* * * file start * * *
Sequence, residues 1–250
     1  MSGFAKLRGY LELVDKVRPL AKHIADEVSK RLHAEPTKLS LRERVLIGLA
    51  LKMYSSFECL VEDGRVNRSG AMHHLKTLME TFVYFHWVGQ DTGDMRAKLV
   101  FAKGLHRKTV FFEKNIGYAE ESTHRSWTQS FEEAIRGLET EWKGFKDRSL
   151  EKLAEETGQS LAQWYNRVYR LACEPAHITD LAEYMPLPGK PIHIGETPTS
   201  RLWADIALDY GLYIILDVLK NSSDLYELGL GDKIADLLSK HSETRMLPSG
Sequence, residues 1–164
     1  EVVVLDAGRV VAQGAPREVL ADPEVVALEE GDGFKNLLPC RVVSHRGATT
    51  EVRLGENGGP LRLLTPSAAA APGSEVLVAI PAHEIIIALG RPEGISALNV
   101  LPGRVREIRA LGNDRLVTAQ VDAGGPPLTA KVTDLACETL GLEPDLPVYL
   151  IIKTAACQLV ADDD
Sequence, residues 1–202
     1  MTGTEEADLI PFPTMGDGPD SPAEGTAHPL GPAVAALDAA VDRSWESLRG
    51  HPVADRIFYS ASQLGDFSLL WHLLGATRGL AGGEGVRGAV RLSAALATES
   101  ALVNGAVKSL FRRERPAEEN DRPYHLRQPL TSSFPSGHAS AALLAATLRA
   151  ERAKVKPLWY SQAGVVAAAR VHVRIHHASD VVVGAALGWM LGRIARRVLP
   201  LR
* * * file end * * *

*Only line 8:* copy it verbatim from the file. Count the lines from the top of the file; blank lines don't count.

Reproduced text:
     1  EVVVLDAGRV VAQGAPREVL ADPEVVALEE GDGFKNLLPC RVVSHRGATT